July 1920 saw the beginning of the British Mandate in Palestine. Schatz believed in the commercial viability of Bezalel and hoped it would take part in most of the new industrial initiatives in the country. For now, he devoted his energy to developing the potential of the School's craft workshops, and successfully introduced the use of Bezalel ceramic tiles as decorations on the new public buildings and private homes of Tel Aviv.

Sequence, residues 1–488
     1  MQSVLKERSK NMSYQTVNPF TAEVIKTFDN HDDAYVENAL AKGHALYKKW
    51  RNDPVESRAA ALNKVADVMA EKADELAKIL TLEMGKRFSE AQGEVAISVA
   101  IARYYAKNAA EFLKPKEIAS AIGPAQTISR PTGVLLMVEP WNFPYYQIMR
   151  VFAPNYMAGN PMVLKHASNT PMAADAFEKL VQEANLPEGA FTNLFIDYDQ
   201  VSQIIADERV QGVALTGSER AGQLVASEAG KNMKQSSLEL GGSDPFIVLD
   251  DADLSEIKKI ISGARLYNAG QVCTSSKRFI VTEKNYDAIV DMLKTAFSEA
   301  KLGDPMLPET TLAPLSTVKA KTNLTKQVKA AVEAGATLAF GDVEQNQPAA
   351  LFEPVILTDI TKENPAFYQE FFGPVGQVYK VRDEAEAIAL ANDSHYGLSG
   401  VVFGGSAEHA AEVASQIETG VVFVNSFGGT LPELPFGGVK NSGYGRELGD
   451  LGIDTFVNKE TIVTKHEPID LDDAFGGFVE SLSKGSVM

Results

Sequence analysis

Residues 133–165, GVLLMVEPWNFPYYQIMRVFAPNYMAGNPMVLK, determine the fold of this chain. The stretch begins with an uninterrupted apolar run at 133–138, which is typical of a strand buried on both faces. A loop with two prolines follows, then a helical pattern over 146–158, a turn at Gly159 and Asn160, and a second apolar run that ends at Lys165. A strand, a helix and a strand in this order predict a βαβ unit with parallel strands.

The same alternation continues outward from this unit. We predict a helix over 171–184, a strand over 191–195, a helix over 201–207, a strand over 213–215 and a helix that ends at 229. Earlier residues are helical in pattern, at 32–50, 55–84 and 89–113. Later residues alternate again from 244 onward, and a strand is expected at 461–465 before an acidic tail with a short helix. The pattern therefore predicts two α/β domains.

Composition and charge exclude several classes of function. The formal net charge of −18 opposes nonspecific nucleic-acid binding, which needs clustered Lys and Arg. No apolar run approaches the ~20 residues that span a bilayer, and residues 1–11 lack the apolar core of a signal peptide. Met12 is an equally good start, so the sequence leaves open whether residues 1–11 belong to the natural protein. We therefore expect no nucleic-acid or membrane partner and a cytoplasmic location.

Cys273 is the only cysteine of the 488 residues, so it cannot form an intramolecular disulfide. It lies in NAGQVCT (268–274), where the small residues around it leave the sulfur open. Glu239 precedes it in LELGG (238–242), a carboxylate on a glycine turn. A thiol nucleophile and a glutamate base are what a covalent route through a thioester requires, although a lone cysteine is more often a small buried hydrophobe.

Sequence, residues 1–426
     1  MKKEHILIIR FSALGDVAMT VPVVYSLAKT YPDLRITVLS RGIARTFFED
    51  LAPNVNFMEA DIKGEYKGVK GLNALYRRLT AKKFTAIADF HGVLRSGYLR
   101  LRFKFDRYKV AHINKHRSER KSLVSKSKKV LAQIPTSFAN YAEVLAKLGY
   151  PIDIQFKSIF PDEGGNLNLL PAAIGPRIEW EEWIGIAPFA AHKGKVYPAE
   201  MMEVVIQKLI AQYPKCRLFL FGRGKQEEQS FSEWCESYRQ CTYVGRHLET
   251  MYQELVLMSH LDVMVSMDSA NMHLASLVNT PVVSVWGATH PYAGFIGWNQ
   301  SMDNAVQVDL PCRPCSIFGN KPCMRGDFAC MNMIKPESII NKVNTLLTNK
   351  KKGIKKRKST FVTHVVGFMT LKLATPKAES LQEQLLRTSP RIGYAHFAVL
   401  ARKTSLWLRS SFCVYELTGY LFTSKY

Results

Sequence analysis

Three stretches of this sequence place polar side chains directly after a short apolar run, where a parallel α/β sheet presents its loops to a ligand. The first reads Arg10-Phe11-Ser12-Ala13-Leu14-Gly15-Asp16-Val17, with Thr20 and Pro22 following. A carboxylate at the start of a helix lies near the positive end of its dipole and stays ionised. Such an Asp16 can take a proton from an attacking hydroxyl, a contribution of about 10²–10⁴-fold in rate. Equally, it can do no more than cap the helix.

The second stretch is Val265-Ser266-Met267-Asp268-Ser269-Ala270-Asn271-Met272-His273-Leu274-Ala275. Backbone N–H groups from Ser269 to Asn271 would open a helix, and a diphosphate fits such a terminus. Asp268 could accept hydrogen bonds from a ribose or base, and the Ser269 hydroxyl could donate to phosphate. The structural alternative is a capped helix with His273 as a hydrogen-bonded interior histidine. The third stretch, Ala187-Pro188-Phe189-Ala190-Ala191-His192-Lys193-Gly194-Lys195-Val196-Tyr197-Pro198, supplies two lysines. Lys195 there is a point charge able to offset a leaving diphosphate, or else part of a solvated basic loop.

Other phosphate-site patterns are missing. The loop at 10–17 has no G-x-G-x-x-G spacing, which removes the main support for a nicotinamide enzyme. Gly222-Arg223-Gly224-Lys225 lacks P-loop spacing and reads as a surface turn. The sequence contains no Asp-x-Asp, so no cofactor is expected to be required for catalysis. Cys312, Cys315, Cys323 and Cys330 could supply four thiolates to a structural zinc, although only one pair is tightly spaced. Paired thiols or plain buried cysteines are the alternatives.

Yet the fortunes of the Bezalel School went from bad to worse. The Zionist organizations had lost their interest in it, and Schatz's fundraising campaigns were a failure. In the 1920s Schatz and Bezalel found themselves outside the process of Zionist renewal: they were ideologically, socially, politically, and artistically alienated. Bezalel's style was now considered old-fashioned, the themes favored by its artists irrelevant. The School went into a serious decline and closed down in 1929. It would reopen in a very new guise in 1935, but Schatz would not live to see that day.